Study: Inability to smell peanut butter may be early sign of Alzheimer's

      GAINESVILLE, Fla.(WCIV) - Being able to smell peanut butter may be a simple and cost-effectiveway to test for Alzheimer's.

      Researchers at the University of Florida found that being able to smellpeanut butter was effective in confirming the diagnosis of early stageAlzheimer's disease. Graduate student Jennifer Stamps and her colleaguespublished the findings of the small study in the Journal of NeurologicalSciences.

      Stamps said the idea came whenshe was shadowing Dr. Kenneth Heilman and noticed the patients were not beingtested of their sense of smell. The sense of smell, reports the University of Florida, has been associated withcognitive decline.

      "Dr. Heilman said, 'If you cancome up with something quick and inexpensive, we can do it,'" Stamps said.

      Stamps settled on peanutbutter.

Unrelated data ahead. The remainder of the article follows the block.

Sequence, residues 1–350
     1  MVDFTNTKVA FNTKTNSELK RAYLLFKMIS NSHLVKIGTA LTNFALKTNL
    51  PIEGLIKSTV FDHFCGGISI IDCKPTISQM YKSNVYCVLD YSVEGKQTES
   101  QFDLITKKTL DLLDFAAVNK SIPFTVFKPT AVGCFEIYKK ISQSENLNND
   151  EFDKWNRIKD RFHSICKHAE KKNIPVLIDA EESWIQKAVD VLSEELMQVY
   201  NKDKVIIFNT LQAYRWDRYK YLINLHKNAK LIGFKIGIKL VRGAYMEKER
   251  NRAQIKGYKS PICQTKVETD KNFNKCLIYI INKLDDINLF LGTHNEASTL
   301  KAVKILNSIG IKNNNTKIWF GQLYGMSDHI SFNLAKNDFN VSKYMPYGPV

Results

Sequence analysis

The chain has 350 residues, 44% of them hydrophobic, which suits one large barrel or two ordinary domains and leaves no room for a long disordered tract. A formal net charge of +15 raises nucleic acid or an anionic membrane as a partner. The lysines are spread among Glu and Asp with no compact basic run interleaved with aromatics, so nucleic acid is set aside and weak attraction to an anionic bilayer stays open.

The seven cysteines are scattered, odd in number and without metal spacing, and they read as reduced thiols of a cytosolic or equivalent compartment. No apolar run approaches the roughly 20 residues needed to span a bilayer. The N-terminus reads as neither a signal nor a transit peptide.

The test was simple. Patientsclosed off one nostril and a clinician would move a canister of peanut butteralong a ruler one centimeter at a time until the patient could smell it.

      Stamps found that patients inthe early stages of Alzheimer's had notable differences in smelling the peanutbutter between their nostrils. On average, the left nostril would not detectthe smell of the peanut butter until it was 10 centimeters closer than whensmell was detected in the right nostril.

      Of the 24 tests done, 10 showeda left nostril impairment and 14 did not.

      Researchers said they had toconduct more extensive studies to understand what the pilot study had revealed.

      "At the moment, we can use thistest to confirm diagnosis," Stamps said. "But we plan to study patients withmild cognitive impairment to see if this test might be used to predict whichpatients are going to get Alzheimer's disease."

      The research group said thepeanut butter test could be used in clinics that lack access to expensivetesting equipment, but would not serve as a replacement for techniques thatcould better target problems and treatments.